The historical essay included in the collection was written in 2006 by Sphinx member Berlan Lemon, and chronicles the history of the group from its founding in 1909 to its dissolution sixty years later.

The black and white photographs in the collection are of Sphinx Society members from 1916 to 1940; only one of the 24 photographs is unidentified. Members pictured include: Everett Davis, G. R. Hoerner, Ted Chambers, James C. Heartwell, Percy P. Locey, Douglas McKay, Lowell Stockman, R. R. Thompson, Tom Skinner, W. J. Oneil, G. V. Robinson, Westerman Willock, Marvin C. Wilbur, Allan W. McComb, Mel W. Breese, Bill North, Fred E. Ewart, Carl E. Totten, Erin Englund, Richard Werner, A. K. Chapman, and G. R. “Dolph” Thomas.

The plaque, which is shield-shaped and features the cast image of a sphinx in the center, is ornamented with the names of Sphinx members chosen each year, from its charter year, 1909, to 1969. This list has been digitized.

Biographical / Historical Notes

Formed in 1909 as an honorary society open only to senior male students, the Sphinx Society operated largely as a secret organization until it's dissolution in 1969. According to the Society’s Constitution, its purpose was to help direct "student activities along lines which will promote the best interests of the student body and the institution," with a membership totaling no more than eleven students at any time. Prospective members – “men who have shown marked ability in student life” – were selected from the junior class, and were elected the last week in April every year, to begin service the following Fall.

From its inception through the early 1920s the Society wasn’t all that secret; membership was listed among the extracurricular activities in senior profiles in The Orange yearbook, and was listed in both the 1909-1910 and the 1920-1921 General Catalogs as an honor society for senior men who had shown “prominence in student activities and scholastic excellence.” The true mandate of the Sphinx Society is unclear, though in his historical essay Berlan Lemon states that it “functioned...as a small group of influential students who could easily be called together at any time to consider and take some kind of action… [and] exert a calming influence or divert some activity that would seem troubling to the college president or Dean of Men or Dean of Women.”

Gwil Evans became a member of the Sphinx Society in 1960 and assisted with member outreach and other duties in the organization until its disbanding in 1969.  Other prominent members include Thomas J. Autzen, pioneer in plywood manufacturing, and founder of the philanthropic Autzen Foundation; and Erwin Bertran Lemon, who taught for the School of Commerce until 1943, held the post of University Registrar from 1922 to 1943, and served as the Dean of Administration from 1943 until his retirement in 1959.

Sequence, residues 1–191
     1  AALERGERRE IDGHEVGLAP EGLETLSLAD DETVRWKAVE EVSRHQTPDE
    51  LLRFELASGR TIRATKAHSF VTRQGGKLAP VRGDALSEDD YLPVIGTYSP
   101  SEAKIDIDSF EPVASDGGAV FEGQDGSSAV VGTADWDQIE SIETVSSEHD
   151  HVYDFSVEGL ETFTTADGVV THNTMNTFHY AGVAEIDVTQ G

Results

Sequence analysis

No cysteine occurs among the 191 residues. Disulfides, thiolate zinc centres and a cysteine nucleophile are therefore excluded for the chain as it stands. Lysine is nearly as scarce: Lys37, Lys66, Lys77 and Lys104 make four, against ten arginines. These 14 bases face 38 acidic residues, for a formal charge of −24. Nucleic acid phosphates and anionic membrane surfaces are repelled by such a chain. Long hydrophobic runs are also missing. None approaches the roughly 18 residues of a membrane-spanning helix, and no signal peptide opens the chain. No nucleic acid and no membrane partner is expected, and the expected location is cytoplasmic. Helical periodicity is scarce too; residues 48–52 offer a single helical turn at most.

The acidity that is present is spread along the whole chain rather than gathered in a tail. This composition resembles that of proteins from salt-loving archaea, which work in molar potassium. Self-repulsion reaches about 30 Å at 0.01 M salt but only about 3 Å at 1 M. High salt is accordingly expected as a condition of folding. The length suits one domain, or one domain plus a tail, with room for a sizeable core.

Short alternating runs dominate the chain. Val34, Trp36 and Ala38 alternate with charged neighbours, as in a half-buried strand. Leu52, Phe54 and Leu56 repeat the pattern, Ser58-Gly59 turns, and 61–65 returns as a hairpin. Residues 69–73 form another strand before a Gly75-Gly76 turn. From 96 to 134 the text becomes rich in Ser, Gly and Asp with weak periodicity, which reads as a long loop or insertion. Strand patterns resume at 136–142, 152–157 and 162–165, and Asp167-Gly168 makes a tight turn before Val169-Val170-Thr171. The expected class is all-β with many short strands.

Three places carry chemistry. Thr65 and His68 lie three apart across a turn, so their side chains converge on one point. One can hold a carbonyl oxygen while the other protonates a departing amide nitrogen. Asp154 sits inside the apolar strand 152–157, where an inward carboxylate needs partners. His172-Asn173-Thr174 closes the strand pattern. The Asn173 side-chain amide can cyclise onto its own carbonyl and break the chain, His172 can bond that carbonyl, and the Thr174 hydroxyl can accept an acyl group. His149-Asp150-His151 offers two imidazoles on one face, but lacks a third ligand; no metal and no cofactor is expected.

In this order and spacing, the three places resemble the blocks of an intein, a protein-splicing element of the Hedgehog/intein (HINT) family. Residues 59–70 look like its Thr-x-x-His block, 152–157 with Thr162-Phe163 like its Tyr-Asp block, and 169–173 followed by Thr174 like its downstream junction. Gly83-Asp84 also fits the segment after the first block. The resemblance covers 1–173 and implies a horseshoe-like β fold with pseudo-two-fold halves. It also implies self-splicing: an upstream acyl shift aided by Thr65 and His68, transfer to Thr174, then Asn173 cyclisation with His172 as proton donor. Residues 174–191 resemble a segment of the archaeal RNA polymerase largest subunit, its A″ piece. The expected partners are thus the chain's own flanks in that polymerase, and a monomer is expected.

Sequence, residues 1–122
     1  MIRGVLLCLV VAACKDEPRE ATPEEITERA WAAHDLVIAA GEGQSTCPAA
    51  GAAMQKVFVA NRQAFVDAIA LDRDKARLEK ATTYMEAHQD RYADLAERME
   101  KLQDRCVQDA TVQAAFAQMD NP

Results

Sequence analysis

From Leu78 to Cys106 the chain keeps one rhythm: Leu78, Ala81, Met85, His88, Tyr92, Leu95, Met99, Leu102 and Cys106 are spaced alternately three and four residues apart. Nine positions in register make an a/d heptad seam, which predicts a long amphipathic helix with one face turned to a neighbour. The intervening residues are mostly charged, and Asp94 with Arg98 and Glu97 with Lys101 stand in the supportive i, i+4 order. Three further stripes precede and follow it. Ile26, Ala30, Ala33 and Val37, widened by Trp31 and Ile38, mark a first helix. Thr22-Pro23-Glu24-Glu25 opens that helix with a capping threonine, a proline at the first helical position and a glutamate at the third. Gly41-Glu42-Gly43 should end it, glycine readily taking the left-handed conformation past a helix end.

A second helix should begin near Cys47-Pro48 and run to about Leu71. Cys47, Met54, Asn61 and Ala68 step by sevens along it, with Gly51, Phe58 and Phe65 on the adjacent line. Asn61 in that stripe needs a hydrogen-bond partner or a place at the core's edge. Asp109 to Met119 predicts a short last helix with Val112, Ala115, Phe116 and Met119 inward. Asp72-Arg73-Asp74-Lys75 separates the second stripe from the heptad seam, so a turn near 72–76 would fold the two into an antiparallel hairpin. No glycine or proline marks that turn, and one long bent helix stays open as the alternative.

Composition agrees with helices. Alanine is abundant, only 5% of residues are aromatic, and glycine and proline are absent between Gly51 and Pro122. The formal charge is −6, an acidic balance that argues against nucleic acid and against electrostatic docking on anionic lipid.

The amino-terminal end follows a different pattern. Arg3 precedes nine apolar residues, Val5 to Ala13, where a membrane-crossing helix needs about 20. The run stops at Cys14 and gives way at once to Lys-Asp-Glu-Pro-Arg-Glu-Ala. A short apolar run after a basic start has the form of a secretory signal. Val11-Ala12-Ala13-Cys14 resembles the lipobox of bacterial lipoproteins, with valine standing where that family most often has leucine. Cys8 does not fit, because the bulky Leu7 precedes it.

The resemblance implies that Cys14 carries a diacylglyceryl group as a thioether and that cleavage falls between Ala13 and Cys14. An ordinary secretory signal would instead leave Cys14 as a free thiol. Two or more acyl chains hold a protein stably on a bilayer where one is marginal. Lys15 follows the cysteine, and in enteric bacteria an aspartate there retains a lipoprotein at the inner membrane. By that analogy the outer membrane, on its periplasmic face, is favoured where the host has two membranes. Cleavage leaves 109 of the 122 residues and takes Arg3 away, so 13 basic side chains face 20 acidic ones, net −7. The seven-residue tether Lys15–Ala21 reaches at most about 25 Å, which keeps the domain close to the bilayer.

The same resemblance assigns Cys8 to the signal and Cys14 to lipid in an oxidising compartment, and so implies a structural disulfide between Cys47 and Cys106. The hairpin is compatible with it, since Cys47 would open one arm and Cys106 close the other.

Author: Rachel Lilley

Administrative Information

More Extent Information: 1 box, including 82 black and white photographs, and 1 un-boxed plaque

Statement on Access: Collection is open for research.

Acquisition Note: The materials were received in three donations to the former University Archives from Pay Gregory, the daughter of G. Burton Wood (in 1998); Berlan Lemon, the son of E.B. Lemon (in 2007); and Gwil Evans (in 2008).

Related Materials:

Other collections relating to student clubs and societies include the Student Club and Organization Records (RG 276), the Student Leadership and Involvement Records (RG 232), the Amicitia Literary Society Records (RG 038), the Feronian Literary Society and Mask and Dagger Club Records (RG 042), the Sorosis Literary Society Records (RG 046), the Websterian Literary Society Records (RG 047), the Adelphian Literary Society Records (RG 048), and the Athenian Literary Society Records (RG 061).

SCARC holds the papers of several members of the Sphinx Society, including the E. B. Lemon Papers (MSS LemonEB), the Douglas and Mabel McKay Papers (MSS McKay), the Thomas John Autzen Notebooks (MSS Autzen), the Otto Ballhorn Chemistry Laboratory Notebook (MSS Ballhorn), the A. Freeman Mason Scrapbook (MSS Mason), and the Godfrey R. Hoerner Papers (MSS Hoerner).

Preferred Citation: Sphinx Society Records (MSS Sphinx), Oregon State University Special Collections and Archives Research Center, Corvallis, Oregon.

Creators

Sphinx Society (Oregon State University)
Evans, Gwil
Lemon, Berlan
Sphinx Society (Oregon Agricultural College)
Sphinx Society (Oregon State College)

People, Places, and Topics

College students--Oregon--Corvallis.
Men--Oregon--Corvallis--Societies and clubs.
Oregon Agricultural College--Societies, etc.
Oregon State College--Societies, etc.
Oregon State University--Societies, etc.
Secret societies--Rituals.
Secret societies.
Sphinx Society (Oregon State University)
Strand, A. L. (August Leroy), 1894-
University History